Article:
Quiche with Asparagus

Asparagus frying in a frying pan

Why Asparagus Quiche?

It just happens that eggs and asparagus are both in season in the spring, so it seems like a happy coincidence that they taste so wonderful together! Spinach quiche is also very appropriate for springtime; in the summer, we usually have zucchini or tomato quiche. By fall, the chickens have stopped laying so much, and we stop eating quiche until spring.

How to make Asparagus Quiche:

Preheat the oven to 400 F. Start by cooking the asparagus. You can use an asparagus steamer, or just cut the ends off about a third of the way up, throw them away, and throw the rest of the asparagus into boiling water for about five minutes. You’ll need one bunch of asparagus.

While the asparagus is cooking, make the crust. In a medium-sized mixing bowl, melt one stick of butter in the microwave. Take it out and add 1 1/2 cups of flour and mix. When it forms a dough, turn it out into a pie pan and push it around with the tips of your fingers until it forms a crust all over the bottom and sides of the pie pan. When the asparagus are done, chop them into one-inch pieces and arrange them on the bottom of the crust.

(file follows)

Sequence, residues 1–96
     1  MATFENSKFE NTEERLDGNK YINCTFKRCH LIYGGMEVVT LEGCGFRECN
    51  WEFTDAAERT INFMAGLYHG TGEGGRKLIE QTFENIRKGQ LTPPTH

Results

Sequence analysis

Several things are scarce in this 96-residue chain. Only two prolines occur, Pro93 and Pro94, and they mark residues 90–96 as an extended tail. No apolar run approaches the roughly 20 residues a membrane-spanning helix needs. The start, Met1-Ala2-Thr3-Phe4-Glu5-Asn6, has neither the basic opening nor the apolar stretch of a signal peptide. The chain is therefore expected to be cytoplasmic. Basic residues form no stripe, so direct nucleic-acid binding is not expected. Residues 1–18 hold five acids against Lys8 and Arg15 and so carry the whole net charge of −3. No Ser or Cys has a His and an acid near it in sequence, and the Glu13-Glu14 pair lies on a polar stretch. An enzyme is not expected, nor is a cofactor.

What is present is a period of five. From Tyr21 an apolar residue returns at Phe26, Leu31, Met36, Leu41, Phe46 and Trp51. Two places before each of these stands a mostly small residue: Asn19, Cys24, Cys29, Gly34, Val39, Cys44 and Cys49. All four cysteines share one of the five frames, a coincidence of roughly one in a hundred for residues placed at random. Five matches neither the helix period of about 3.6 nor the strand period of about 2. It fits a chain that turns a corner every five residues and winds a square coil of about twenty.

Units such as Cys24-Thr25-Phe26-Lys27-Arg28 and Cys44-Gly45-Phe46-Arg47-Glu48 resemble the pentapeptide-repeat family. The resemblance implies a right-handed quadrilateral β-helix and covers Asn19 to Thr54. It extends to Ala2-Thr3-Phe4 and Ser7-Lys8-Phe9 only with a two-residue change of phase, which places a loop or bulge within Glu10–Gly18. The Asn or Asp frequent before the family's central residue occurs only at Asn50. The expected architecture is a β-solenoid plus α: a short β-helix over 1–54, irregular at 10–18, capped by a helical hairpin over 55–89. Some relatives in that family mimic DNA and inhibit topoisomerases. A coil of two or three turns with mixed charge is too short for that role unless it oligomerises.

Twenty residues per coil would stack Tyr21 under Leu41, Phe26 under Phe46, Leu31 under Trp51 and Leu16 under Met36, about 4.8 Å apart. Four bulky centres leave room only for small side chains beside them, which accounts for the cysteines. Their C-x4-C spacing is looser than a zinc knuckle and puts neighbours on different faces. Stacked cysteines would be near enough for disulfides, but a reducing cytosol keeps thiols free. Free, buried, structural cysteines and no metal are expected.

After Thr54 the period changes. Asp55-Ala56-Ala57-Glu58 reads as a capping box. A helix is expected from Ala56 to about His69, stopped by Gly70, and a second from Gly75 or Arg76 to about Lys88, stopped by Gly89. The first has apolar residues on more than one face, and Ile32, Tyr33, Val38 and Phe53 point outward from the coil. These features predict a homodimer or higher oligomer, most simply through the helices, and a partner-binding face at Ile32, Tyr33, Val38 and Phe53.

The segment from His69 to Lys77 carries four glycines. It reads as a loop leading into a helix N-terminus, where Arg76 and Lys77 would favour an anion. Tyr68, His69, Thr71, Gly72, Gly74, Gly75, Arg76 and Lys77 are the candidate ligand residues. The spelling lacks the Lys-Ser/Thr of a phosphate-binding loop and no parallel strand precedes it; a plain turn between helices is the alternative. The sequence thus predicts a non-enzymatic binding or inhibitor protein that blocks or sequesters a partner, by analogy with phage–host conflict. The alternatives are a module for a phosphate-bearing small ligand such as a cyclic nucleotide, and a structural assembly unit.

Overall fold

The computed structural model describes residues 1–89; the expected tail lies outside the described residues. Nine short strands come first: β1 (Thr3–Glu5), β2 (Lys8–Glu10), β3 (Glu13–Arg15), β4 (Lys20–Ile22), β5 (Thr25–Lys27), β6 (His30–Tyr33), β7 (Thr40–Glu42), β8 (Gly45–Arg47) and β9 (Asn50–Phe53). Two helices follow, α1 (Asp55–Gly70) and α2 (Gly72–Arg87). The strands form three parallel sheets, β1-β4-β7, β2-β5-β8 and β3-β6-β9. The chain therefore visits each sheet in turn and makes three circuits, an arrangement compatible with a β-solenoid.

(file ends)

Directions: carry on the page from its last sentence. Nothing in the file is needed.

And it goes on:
In the same bowl (no need to wash it), crack five eggs. Mix them, and add 1 1/2 cups of whole milk, a large pinch of kosher salt, and three tablespoons of flour. If you only have skim milk at your house, add a little Greek yogurt to make your quiche creamier. Mix and pour over the asparagus and crust. Bake about 45 minutes or until the quiche is set and not runny in the middle. Let it rest for five minutes outside the oven before serving. We usually have a green salad with quiche, or sauteed spinach.

Vegetarian or Vegan?

Asparagus quiche is vegetarian. It’s not vegan though.

Will it keep?

Yes, this quiche will be terrific cold or reheated for lunch the next day, and really for three or four days even.

Published by Karen Carr

Dr. Karen Carr is Associate Professor Emerita, Department of History, Portland State University. She holds a doctorate in Classical Art and Archaeology from the University of Michigan. Follow her on Instagram, Pinterest, or Facebook, or buy her book, Vandals to Visigoths.

Leave a comment